science fiction, new weird, old weird, very weird - and everything else. often, though not always, discussed in relation to gender identity and (a)sexuality.
While authors have always made things up, adopting a different viewpoint needs particular care and sensitivity to avoid falling into the trap of cultural appropriation.
This is a very good, measured article on how authors can write characters with different life-experiences.
I have to admit, the mention of "cultural appropriation" makes me cringe, because it's used out of context more often than not. Therefore it was a real joy to read de Waal's nuanced take.
Her advice is really rather basic: write people, not stereotypes; do your research; be respectful. But especially in SF, I'm sometimes left with the feeling that authors spend a lot of time researching science and tech, but neglect to research the people they write about. That leads to flat characters who reveal the author's prejudices, but don't work as full-fledged protagonists.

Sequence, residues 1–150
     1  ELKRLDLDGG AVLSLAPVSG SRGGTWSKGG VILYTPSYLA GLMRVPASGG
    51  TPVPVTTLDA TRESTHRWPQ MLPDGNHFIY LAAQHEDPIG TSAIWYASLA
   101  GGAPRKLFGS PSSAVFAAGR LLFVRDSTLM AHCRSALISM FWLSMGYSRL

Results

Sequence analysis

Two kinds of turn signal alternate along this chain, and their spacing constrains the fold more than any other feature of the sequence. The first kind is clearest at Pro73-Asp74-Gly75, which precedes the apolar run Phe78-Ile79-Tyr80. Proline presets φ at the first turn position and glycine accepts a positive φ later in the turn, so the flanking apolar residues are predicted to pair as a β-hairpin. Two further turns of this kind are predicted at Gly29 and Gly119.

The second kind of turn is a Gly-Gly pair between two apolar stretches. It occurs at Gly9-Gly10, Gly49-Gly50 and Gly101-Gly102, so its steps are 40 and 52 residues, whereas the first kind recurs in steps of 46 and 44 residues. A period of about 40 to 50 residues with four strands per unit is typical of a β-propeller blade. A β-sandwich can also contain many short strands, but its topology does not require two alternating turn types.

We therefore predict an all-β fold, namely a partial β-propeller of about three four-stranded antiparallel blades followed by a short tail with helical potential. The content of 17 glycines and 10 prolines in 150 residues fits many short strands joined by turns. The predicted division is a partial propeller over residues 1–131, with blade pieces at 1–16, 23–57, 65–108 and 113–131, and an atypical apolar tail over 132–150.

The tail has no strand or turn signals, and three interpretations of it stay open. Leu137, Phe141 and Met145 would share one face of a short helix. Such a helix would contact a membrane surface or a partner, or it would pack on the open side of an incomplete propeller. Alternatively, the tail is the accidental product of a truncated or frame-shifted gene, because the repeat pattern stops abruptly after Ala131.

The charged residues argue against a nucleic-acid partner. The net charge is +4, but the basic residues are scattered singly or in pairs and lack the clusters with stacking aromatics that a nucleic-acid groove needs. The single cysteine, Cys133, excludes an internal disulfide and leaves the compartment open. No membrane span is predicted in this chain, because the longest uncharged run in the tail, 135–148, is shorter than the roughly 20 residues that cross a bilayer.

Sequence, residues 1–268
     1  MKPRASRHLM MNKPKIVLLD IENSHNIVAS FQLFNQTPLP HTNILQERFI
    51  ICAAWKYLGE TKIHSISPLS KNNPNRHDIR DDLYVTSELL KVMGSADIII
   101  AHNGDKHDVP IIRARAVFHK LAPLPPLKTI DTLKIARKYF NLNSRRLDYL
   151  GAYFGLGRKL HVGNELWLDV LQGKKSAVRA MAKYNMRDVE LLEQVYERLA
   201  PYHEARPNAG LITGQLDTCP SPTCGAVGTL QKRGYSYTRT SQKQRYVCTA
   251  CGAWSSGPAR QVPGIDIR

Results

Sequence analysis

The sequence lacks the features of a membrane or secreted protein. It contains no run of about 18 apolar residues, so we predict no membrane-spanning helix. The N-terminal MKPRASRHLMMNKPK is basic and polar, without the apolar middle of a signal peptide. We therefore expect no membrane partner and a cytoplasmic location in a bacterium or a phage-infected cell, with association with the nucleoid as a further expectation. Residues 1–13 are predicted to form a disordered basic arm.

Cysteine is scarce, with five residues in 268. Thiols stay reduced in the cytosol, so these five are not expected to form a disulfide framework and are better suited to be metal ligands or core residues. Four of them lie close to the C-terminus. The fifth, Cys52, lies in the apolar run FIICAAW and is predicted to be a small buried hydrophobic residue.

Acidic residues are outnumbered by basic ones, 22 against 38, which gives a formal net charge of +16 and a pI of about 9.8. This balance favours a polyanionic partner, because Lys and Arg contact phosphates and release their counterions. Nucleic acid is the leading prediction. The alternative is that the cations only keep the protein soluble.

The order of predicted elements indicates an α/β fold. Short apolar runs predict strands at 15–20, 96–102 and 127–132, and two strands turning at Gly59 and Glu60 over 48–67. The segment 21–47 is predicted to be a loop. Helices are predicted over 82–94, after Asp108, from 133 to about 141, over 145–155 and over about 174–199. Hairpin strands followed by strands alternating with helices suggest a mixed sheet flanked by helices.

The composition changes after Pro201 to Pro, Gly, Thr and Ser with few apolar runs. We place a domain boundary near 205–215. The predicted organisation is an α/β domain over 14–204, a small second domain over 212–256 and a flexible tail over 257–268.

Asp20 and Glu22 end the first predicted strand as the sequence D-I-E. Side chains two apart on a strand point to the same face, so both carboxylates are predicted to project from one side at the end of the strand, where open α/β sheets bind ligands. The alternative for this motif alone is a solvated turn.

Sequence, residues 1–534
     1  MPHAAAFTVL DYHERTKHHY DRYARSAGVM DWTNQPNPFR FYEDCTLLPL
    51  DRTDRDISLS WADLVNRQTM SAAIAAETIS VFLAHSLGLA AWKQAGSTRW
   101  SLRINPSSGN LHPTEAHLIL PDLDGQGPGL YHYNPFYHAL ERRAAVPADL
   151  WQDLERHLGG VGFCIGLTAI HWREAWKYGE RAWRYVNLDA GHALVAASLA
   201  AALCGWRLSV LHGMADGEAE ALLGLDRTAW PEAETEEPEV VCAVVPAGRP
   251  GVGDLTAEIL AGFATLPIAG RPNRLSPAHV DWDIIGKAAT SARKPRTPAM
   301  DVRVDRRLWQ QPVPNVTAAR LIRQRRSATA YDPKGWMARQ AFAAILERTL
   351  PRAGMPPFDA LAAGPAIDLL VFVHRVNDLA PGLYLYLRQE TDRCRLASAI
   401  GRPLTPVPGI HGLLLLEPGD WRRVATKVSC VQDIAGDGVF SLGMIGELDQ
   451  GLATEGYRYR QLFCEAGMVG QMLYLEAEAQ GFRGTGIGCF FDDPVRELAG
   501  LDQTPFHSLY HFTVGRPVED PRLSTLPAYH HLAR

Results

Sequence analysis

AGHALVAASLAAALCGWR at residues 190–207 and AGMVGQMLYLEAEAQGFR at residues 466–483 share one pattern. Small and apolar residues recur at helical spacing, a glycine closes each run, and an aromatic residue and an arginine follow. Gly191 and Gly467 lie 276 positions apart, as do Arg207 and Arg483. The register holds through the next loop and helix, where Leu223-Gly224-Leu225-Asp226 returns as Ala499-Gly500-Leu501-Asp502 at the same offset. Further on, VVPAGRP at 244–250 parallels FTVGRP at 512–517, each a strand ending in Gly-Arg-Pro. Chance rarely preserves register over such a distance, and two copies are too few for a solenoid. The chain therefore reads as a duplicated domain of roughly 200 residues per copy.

de Waal also offers a neat analogy to explain why members of marginalized groups often are so protective of their culture.